For months Spain has been sending more and more electricity to its neighboring countries - to all of them - in the midst of the energy crisis. Exports of energy from the electricity system last August accelerated their increase and set new record highs, surpassing the monthly records of the entire historical series of Red Eléctrica de España, which records international electricity exchanges since the beginning of 1990. Never before had so much electricity been sold abroad in any month in the more than three decades since official data has been available.
In August, the Spanish electricity system exported a total of 2,924 gigawatt hours (GWh) of electricity to the other countries with which there are connections (France, Portugal, Morocco and Andorra), a previously unknown level, driven by problems in fully guaranteeing supply in the French and Portuguese markets.
Last month Spain imported only 126 GWh in the whole month from its neighbors, a level also abnormally low. So the Spanish export balance also set an all-time record of 2,798 GWh in August, according to the records of Red Eléctrica de España (REE), the national electricity system operator and manager of the high-voltage transmission grids.
Interconnection, at the limit
France is being forced to buy electricity from all the countries with which it is interconnected due to the shutdown of more than half of its nuclear plants because of corrosion problems and the danger of overheating (32 of the 56 reactors in the French market are not operating). In August, French purchases from Spain set a record of 1,484 GWh and so did the net import balance of 1,451 GWh.
According to REE data, in August, the interconnections between the two countries through the Pyrenees were pushed to the limit, operating at maximum capacity for 99.3% of the hours of the entire month to send electricity to the French market.
Spain is also increasing its electricity exports to Portugal, reaching up to a quarter of the electricity demand of the Portuguese market. Portugal, a country highly dependent on the output of its hydroelectric power plants, is suffering from the effects of the drought and is resorting to buying electricity from the Spanish market to guarantee supply. In August exports to Portugal reached 1,122 GWh (with an export balance of 1,044 GWh), but in some months of this year higher levels have been reached and the record was set in February with purchases of 1,435 GWh (a net balance of 1,373 GWh).
Spain managed to reduce its electricity consumption by 1.2% last month (with a fall of 3.8% if the effect of different weather and labor conditions between years is discounted) in the first month of application of the Government's initial package of savings measures, which includes turning off shop windows after 22.00 hours or regulating the thermostat in public buildings and offices.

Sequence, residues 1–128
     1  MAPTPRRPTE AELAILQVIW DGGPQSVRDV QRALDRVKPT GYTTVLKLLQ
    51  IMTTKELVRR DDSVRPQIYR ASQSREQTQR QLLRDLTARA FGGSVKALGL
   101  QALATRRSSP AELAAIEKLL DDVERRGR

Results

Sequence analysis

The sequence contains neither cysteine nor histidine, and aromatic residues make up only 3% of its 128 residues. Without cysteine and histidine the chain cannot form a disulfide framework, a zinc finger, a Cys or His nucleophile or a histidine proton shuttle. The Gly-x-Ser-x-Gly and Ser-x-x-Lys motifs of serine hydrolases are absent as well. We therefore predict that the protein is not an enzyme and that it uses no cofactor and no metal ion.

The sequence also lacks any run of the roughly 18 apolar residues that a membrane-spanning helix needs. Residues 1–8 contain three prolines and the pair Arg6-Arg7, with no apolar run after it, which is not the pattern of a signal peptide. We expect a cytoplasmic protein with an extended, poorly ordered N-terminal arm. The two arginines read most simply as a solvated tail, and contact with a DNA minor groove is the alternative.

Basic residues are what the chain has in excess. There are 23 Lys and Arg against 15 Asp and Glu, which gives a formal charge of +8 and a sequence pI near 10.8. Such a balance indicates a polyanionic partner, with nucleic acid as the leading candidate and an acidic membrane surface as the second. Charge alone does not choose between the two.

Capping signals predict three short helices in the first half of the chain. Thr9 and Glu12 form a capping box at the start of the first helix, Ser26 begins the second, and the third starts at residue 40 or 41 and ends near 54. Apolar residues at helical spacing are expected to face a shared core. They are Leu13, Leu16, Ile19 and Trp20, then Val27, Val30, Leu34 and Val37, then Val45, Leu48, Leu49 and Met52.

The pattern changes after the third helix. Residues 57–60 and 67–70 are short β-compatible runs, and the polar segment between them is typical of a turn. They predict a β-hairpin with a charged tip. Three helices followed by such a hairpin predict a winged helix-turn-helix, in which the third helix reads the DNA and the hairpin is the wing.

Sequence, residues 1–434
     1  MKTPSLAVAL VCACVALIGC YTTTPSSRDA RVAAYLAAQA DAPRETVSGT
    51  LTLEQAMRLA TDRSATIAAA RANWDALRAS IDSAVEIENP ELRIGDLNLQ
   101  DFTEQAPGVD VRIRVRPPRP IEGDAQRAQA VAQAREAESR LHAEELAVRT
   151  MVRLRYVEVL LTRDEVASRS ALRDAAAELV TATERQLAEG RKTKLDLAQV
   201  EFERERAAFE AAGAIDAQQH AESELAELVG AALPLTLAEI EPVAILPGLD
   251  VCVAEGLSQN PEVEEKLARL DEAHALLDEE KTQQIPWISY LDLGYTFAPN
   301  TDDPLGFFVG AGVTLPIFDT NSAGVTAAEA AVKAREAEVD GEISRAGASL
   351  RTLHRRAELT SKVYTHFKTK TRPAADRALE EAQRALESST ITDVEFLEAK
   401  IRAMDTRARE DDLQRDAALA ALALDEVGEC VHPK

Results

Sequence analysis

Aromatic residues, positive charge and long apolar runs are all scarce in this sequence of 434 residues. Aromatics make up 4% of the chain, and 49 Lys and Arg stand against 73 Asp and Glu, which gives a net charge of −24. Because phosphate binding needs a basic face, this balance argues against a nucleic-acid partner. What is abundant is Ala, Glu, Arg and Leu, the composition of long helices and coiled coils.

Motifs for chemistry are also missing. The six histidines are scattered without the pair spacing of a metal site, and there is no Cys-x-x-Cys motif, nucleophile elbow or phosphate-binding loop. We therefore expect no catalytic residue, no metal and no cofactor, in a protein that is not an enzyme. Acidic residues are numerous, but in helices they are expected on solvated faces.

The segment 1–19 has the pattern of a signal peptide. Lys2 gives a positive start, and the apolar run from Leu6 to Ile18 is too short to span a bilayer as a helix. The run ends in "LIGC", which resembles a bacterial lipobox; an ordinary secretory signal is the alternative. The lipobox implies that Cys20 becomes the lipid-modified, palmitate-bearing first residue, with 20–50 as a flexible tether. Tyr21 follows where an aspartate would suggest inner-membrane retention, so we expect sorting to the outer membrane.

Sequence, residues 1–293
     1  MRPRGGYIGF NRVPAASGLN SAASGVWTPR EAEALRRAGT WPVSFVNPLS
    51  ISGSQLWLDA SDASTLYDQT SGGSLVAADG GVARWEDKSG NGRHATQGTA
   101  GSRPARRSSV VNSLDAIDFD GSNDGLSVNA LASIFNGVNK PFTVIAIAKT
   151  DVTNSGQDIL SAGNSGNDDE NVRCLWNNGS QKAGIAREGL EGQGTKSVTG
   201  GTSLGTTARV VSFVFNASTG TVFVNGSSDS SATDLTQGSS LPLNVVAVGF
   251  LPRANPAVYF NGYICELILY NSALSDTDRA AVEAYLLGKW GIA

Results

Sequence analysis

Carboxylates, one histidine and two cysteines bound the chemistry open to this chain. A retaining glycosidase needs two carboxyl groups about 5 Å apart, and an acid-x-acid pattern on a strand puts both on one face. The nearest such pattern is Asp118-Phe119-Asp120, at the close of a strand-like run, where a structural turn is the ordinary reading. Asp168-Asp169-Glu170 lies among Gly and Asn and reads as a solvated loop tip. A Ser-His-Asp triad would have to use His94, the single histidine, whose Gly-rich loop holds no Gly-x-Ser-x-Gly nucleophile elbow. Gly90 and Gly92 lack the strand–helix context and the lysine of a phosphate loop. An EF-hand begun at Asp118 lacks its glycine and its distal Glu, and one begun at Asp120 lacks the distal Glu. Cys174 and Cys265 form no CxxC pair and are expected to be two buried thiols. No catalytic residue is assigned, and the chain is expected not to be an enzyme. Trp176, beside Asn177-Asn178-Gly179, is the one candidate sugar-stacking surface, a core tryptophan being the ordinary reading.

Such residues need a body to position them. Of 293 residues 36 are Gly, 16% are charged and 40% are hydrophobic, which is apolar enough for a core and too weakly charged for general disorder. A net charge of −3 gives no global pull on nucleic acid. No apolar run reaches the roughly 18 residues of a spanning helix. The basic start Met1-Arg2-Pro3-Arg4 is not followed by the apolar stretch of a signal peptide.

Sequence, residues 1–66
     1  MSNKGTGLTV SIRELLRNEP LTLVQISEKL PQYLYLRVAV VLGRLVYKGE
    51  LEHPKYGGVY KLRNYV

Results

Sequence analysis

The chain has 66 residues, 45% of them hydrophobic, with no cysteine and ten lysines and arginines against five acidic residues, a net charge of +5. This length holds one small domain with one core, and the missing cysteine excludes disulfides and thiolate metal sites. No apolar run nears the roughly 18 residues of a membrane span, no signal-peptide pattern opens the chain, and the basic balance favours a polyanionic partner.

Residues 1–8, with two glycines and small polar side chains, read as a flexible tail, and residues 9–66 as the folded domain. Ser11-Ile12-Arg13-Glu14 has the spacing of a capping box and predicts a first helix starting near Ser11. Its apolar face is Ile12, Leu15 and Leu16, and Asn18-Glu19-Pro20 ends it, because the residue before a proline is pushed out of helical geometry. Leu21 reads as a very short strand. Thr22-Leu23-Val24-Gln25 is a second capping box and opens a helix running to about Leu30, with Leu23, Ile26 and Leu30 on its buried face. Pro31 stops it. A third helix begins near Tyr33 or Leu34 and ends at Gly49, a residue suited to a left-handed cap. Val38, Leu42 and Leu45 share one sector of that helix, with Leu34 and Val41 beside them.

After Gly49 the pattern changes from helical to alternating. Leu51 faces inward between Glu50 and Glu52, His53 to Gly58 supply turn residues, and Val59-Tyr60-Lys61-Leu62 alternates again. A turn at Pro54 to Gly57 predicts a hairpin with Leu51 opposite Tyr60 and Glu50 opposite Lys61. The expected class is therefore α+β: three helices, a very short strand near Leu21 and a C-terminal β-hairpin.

In recent months, Spanish electricity companies have been increasing the use of their gas-fired power stations to produce electricity - so far this year it has doubled - due to the fall in hydroelectric generation as a result of the drought, the lower contribution of renewables, and to cover the increased exports of electricity to France due to the stoppage of more than half of its nuclear power stations and also to Portugal due to the drought.
The extra demand required by the French and Portuguese markets is being covered with a higher production of combined cycle plants (the plants that burn gas to produce), and the Government assumes that this additional use of gas to cover the energy needs of neighboring countries in a crisis situation can be discounted from the calculation of the 7% gas savings committed to Brussels, as reported by El Periódico de España. But the European Commission is leaving the Spanish plan up in the air for the moment and does not consider it certain that the Executive will be able to use this exception until it specifies how to articulate the obligatory saving measures in the event that a state of alert is declared in the EU.
The Iberian exception
The record of electricity exports to France is reducing the positive impact of the Iberian exception, the mechanism with which Spain and Portugal apply a cap on the price of gas used to produce electricity - which has reached record highs in recent months due to Russia's invasion of Ukraine - in order to lower the electricity bill. French consumers benefit from the lower price registered in the Spanish electricity market, but they do not pay the compensation that Spanish and Portuguese customers pay to electricity companies with gas-fired plants to cover their real costs and not to produce at a loss.
The PP stresses that the Iberian exception is serving to subsidize the electricity exported to France (more than 500 million since it came into force in June, according to its calculations) and to trigger gas imports both from Russia and from France itself to cover the extra demand of the gas plants to produce electricity.
The Government defends that the Iberian exception works, underlining that in the three months that the Iberian exception has been in place - it came into force last June 15 - Spanish consumers have saved 2,300 million euros by managing to contain the price of the wholesale electricity market, even with the compensation paid to the gas plants.